Dairy operations round here are about the only really serious farming left and they're falling like flys.Cow/calf is about all thats left.
We always figgured the best farmer was the one what went broke last.I'm still in the runnin for the trophy but sometimes it's tempting to concede.
Sent a load of calves off week before last, averaged 486 lbs. and 67 cents a lb.That figgures out to about $326 a head,takes about $400 a head to break even.Anybuddy checked beef prices in the stores lately?
Oh well,gotta look on the bright side,what with the drought and no second cutting of hay,sure saved a lot of money on baler twine I didn't have to buy.

Bandit    Posted 09-19-2002 at 19:45:13       [Reply]  [No Email]
Does your state have any deals that sell beef raised in your state for a higher price?
PA's cattlemen have a deal setup where if you are selling PA beef, you can seel for several cents higher per pound, it was a considerable bit more too

Alvin-Va    Posted 09-20-2002 at 04:03:31       [Reply]  [No Email]
Bandit.Not familiar with any program like that in Va.Then to add insult to injury we have the rip-off,er no I mean check-off to pay on each head that goes thru a market.
Who funds the difference in price?Does this apply to cattle that stay in the State or feeder cattle?
Just curious,is there a web site or any other source of info?

Bandit    Posted 09-20-2002 at 07:22:51       [Reply]  [No Email]
I don't recall who is incharge of it. I can ask a couple guys I know that are in on it.
Yeah, I hate that checkoff, they have that for hogs too, it's not much, but it still takes takes takes..

From what I can recall, it is actually funded by companies that buy beef, you have to supply quality cattle, and they are willing to pay a steeper price for them from PA, i dunno seems, like it doesn't make much sense, it'll see what I can find...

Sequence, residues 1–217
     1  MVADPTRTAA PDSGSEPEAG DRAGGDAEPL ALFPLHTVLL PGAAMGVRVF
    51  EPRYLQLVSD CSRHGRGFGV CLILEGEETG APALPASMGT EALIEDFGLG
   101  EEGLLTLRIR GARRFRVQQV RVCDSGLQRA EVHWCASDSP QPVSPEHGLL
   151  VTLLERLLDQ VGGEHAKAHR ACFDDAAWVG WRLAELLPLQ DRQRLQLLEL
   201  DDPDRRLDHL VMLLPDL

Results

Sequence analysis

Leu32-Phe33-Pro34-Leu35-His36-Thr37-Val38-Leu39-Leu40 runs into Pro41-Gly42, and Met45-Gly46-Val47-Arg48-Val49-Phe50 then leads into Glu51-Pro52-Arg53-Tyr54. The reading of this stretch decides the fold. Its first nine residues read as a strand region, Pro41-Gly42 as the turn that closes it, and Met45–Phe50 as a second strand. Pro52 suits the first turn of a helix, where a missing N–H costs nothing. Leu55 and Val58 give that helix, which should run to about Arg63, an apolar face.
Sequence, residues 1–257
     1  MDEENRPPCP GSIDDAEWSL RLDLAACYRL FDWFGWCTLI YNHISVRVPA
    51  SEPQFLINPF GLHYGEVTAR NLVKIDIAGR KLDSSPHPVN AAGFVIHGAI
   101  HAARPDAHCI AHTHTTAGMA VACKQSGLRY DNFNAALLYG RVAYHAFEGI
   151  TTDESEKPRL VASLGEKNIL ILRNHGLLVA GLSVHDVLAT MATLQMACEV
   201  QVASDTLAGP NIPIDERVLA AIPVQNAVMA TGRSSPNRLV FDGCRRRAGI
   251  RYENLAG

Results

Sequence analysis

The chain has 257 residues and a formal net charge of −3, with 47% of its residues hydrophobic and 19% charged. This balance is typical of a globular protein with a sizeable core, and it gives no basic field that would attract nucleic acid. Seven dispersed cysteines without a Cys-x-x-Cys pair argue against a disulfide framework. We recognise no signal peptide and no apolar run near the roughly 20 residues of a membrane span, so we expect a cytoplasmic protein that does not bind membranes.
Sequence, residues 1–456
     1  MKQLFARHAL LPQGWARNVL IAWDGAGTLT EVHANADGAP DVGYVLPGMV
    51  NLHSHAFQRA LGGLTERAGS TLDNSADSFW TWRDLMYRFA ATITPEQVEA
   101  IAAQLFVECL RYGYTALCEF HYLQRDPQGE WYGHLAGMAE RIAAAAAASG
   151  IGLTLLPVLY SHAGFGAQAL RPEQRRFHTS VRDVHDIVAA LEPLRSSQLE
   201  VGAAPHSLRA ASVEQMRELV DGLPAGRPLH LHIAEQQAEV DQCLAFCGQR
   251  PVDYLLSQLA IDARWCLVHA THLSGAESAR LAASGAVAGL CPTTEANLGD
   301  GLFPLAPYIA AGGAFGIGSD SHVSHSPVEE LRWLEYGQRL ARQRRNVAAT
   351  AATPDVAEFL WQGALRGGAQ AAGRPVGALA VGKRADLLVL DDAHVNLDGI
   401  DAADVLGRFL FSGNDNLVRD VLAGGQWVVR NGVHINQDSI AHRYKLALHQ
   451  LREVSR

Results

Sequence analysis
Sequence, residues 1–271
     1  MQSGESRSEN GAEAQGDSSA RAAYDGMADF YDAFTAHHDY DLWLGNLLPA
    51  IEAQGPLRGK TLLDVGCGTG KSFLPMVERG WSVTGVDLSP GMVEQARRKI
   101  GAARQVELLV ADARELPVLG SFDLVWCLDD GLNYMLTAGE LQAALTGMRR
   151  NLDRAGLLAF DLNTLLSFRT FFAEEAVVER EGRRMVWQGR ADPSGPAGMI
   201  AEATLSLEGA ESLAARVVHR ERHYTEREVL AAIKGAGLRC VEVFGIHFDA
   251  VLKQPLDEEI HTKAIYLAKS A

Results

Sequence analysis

Ron/PA    Posted 09-19-2002 at 06:16:08       [Reply]  [Send Email]
Hey hogman, ya baled out too soon, just sold some hogs, price ended up at 30 and we only paid $40.00 for them, bein as how feed, labor, and housing are free why we made a fortune. I know that with prices like this the only way to go is in volume, but I just can't drive enough trucks at one time to support a larger habit.

Fawteen...Yep, just like the old saying    Posted 09-19-2002 at 06:05:22       [Reply]  [No Email]
"It's EASY to make a small fortune in farming. Just start with a big one..."

DeadCarp    Posted 09-19-2002 at 05:22:51       [Reply]  [No Email]
Re: "but tha net loss only went up a little."

Jeez, with that kinda results, you can afford to expand! You're already better off than everybody else! lol

To the point: NOBODY makes money on horses - they're too specialized and the demand is nowhere.
Consider a 4-legged hayburner that you can eat if times get tough, then buy a good roaster & see what happens. :)

Bob Ont.    Posted 09-19-2002 at 05:30:19       [Reply]  [Send Email]
Then on the other hand DC, if you don't travel too far you could get rid of the car and offset some of the cost that way.
Later Bob